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Old 11-15-2013, 03:13 AM
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Default Re: And so it begins...

Looks great so far...keep posting pics!
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Old 04-11-2014, 05:03 AM
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Default Re: And so it begins...

Spring has finally arrived. Time to start.









My next day off is Tuesday, I'll try to get the hearth poured and the cores filled then.
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Last edited by paulthenurse; 04-11-2014 at 05:09 AM.
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Old 04-11-2014, 05:21 AM
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Location: Western North Carolina, USA
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Default Re: And so it begins...

Hi Paul and welcome. I know what you did w/the sonotubes is standard and customary in lots of places. I am in construction and have been for many, many years. However, I cannot understand for the life of me why anyone in the Building Dept's in those areas thinks that burying sonotubes four feet deep helps stop or prevent frost heaving. It does nothing whatsoever. I know you are doing what is customary, nothing against you. It's just a total waste of time. It does nothing whatsoever w/frost. Nothing. As a matter of fact, w/frost conditions, it is actually detrimental. Just my two cents. Good luck on your build. I have just started, also. You've come to the right place. Lots and lots of knowledgeable and helpful folks here.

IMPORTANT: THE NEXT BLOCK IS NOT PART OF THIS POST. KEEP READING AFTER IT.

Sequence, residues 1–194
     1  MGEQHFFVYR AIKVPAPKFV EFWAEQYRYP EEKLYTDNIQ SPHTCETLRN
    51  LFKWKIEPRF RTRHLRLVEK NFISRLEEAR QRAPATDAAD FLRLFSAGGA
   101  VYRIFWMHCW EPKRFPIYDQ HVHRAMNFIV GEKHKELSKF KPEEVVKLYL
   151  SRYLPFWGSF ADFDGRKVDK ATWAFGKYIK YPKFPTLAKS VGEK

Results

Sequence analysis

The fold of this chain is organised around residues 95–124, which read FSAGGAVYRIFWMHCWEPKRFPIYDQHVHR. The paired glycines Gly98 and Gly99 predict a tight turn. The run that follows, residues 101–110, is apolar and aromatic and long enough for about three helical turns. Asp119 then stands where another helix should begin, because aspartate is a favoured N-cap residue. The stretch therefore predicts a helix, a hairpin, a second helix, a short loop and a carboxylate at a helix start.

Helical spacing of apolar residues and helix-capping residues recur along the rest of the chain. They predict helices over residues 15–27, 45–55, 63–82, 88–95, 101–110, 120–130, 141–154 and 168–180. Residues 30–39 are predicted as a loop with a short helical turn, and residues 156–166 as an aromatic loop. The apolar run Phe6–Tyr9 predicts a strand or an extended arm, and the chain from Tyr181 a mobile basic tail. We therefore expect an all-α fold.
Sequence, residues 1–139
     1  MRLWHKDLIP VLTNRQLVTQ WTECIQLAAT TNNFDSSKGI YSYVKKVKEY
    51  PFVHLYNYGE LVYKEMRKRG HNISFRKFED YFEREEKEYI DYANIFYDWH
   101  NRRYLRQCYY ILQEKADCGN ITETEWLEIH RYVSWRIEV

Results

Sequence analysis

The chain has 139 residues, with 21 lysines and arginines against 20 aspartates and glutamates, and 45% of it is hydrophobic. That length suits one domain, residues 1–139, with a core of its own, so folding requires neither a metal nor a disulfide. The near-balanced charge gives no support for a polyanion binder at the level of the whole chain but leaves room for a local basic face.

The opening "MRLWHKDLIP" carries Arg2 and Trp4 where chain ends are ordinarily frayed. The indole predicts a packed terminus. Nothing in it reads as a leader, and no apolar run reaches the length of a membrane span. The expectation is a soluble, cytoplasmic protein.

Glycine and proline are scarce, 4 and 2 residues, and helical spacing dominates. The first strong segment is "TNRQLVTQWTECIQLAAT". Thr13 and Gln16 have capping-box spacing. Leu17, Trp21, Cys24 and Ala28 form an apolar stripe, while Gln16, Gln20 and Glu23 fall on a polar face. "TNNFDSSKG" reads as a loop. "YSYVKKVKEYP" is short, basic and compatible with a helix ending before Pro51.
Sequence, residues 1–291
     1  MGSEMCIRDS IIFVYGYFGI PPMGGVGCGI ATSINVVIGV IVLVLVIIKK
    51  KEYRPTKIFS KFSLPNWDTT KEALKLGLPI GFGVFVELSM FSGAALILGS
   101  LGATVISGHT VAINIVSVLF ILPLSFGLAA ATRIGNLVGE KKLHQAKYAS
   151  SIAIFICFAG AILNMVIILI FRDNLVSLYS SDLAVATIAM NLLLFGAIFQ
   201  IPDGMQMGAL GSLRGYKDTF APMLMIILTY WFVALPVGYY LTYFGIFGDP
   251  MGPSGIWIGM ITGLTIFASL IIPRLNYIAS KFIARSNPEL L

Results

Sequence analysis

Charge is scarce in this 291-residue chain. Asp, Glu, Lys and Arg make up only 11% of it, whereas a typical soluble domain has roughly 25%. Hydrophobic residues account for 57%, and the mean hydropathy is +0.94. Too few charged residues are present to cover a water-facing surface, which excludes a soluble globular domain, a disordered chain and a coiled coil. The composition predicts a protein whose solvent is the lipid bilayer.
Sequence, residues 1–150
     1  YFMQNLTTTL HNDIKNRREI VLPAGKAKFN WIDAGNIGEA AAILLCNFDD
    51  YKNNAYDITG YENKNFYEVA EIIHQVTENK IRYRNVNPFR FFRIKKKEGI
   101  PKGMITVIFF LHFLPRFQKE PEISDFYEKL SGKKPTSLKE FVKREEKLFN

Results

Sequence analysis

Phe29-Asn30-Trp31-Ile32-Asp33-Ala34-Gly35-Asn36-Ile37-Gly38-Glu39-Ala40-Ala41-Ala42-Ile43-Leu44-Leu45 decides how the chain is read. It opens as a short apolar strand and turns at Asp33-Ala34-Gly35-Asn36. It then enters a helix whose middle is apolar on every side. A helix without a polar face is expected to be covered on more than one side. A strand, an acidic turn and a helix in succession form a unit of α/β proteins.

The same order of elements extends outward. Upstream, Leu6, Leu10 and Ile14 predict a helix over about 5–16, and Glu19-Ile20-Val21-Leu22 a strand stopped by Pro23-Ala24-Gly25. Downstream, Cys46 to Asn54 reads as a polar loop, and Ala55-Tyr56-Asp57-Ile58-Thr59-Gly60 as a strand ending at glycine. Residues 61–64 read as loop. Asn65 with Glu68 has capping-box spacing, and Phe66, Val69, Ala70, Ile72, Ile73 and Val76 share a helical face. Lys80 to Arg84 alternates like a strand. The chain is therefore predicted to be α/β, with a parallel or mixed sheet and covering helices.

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Last edited by NCMan; 04-11-2014 at 05:25 AM. Reason: Typos
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Old 04-11-2014, 06:18 AM
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Default Re: And so it begins...

Quote:
Originally Posted by NCMan View Post
Hi Paul and welcome. I know what you did w/the sonotubes is standard and customary in lots of places. I am in construction and have been for many, many years. However, I cannot understand for the life of me why anyone in the Building Dept's in those areas thinks that burying sonotubes four feet deep helps stop or prevent frost heaving. It does nothing whatsoever. I know you are doing what is customary, nothing against you. It's just a total waste of time. It does nothing whatsoever w/frost. Nothing. As a matter of fact, w/frost conditions, it is actually detrimental. Just my two cents. Good luck on your build. I have just started, also. You've come to the right place. Lots and lots of knowledgeable and helpful folks here.
You're right, but it is not a practice endorsed by any building dept I was familiar with in New England. Mainly because the piers are and anchor points on a floating slab. And after seasonal freeze thaw cycles, the anchor points become the weak link in the slab.

It's all moot now. The best thing that can be done now is to try and keep the area around the oven as dry as possible, and well drained.